TORONTO, May 28, 2014 /CNW/ - An international network of directors'
institutes has called on corporate decision makers to abandon
short-term perspectives and objectives in favour of longer-term
considerations that will produce more sustainable outcomes.
The Global Network of Director Institutes (GNDI) argues in a new paper
released today that excessive short-termism may lead to reduced
shareholder value and returns over the longer-term as a result of the
Missed opportunities to create enduring value for a company and
therefore its shareholders;
Under-investment in value-creating opportunities such as research and
Rejection of long-term projects, or projects with high build or sunk
costs, including infrastructure and high-tech projects.
"Boards need to think about strategic decisions in the context of the
long-term financial health of their companies. There are occasions
where it is best to reject actions that will produce short-term gains
at the expense of longer-term interests of a company and its
shareholders," said John Colvin, chair of GNDI.
"Directors in Canada have witnessed first-hand the effect of
short-termism on eroding confidence in capital markets and company
value. To achieve long-term corporate success, the board should be
committed to working with and influencing management to focus on
long-term value creation, and providing support when faced with
short-term pressures," said Stan Magidson, president and CEO of the
Institute of Corporate Directors, and deputy chair of GNDI.
The new GNDI paper sets out some suggested practices, which extend
beyond minimum regulatory requirements, that boards of listed companies
could adopt to help foster longer-term value creation. These include:
Setting forward-looking strategic goals and implementation plans that
are properly monitored.
Reporting practices that disclose short-term performance in the context
of medium and long-term goals and strategies.
Executive remuneration that is based on long-term performance measures
to avoid excessive weighting of short-term remuneration.
"Many member countries of GNDI have taken steps to foster better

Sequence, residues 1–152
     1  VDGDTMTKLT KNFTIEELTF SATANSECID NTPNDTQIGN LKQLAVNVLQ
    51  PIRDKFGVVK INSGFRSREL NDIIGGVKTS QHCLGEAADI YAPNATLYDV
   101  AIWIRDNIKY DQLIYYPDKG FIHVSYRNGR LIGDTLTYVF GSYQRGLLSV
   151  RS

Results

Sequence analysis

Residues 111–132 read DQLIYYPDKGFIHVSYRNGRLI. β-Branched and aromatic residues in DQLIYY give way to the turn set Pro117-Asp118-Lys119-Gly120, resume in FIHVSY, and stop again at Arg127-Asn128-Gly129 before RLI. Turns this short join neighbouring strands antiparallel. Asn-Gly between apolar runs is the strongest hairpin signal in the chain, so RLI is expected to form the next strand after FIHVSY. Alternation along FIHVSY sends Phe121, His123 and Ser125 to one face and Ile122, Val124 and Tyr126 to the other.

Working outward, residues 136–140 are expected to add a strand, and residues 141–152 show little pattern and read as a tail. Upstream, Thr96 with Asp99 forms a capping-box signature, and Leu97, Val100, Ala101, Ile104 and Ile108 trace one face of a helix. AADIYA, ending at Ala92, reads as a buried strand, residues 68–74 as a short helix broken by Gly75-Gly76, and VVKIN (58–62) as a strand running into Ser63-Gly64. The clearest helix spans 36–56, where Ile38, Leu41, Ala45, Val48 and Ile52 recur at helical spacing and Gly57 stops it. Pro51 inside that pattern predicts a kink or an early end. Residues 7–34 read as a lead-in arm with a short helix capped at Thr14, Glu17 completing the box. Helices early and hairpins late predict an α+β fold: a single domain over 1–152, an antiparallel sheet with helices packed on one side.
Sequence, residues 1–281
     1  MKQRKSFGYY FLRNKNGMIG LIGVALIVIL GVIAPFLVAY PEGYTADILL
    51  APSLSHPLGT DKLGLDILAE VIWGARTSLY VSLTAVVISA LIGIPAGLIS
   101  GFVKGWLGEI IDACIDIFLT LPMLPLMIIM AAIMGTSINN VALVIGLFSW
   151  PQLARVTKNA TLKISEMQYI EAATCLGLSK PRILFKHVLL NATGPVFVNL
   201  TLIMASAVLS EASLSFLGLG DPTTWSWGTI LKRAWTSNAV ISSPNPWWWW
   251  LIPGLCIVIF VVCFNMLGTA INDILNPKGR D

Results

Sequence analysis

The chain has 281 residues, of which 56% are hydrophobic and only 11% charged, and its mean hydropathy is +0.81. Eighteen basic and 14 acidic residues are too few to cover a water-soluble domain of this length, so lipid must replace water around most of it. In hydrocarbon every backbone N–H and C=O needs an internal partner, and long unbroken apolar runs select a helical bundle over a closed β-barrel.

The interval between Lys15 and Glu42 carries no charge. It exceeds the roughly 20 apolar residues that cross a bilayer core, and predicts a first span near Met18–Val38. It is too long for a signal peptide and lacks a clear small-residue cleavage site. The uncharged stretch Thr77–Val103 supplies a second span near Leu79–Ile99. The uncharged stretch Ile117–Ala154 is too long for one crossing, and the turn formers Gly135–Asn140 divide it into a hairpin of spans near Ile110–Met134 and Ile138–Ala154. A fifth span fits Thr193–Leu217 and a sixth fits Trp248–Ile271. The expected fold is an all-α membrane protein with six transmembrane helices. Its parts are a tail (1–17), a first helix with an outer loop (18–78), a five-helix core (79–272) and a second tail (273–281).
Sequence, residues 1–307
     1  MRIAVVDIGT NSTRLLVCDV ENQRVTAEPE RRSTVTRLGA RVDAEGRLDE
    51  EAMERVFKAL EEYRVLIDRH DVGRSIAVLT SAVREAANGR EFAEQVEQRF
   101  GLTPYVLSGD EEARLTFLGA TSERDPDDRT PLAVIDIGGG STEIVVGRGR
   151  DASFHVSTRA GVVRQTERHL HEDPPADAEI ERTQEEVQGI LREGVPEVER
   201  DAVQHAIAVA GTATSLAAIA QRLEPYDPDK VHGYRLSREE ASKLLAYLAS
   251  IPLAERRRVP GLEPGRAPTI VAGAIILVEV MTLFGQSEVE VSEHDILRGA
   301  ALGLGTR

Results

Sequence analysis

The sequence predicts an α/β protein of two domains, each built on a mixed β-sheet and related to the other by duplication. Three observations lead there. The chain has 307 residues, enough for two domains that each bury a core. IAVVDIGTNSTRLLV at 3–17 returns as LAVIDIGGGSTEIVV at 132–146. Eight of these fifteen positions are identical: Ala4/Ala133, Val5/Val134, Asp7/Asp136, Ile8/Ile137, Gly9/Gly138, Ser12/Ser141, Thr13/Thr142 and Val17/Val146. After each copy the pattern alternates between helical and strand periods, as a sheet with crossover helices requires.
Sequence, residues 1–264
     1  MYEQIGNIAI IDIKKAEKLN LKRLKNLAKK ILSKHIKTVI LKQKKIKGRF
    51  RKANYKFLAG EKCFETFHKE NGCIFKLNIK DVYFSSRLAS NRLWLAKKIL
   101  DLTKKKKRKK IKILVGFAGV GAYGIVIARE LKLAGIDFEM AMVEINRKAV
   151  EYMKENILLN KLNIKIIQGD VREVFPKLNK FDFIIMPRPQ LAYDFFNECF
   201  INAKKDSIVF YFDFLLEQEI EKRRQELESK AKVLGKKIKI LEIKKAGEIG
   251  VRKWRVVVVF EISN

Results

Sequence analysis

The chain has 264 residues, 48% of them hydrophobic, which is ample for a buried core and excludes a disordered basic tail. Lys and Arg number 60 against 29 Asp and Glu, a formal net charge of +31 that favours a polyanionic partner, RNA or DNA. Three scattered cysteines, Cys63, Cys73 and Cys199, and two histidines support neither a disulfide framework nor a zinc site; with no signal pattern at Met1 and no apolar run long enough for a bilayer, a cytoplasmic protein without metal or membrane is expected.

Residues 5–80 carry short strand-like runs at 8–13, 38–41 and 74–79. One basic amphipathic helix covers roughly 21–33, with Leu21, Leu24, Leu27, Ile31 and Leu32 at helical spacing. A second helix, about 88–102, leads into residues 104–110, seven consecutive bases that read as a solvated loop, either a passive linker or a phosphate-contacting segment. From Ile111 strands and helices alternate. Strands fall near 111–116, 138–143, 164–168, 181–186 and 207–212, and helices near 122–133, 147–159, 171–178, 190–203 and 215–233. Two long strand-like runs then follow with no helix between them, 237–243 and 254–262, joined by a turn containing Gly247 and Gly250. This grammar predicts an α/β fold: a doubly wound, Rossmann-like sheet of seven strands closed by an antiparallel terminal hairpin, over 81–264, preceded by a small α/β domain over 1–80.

long-term decision making in the corporate world. GNDI supports these
efforts to curb excessive short-termism and encourages business leaders
to remain committed to producing sustainable outcomes to the benefits
of all stakeholders," Mr. Colvin said.
The full text of the GNDI perspectives paper, "Curbing Excessive
Short-Termism," can be found at www.gndi.org/papers.
GNDI was founded in 2012 and brings together 10 member-based director
associations from around the world with the aim of furthering good
corporate governance. Together, the member institutes comprising the
GNDI represent more than 100,000 directors from a wide range of
organisations. For more information, please visit www.gndi.org.
About Institute of Corporate Directors
The Institute of Corporate Directors (ICD) is a not-for-profit,
member-based association representing Canadian directors and boards
across the for-profit, not-for-profit, and Crown sectors. The ICD has
more than 8,500 members and 11 local chapters across Canada. The ICD
fosters the sharing of knowledge and wisdom through education,
professional development programs and services, and thought leadership
and advocacy to achieve the highest standard of directorship. For more
information, please visit: www.icd.ca.
SOURCE: Institute of Corporate Directors (ICD)
For further information:
For more information or to arrange an interview, please contact:
Institute of Corporate Directors
Tel: (416) 593-7741 ext. 229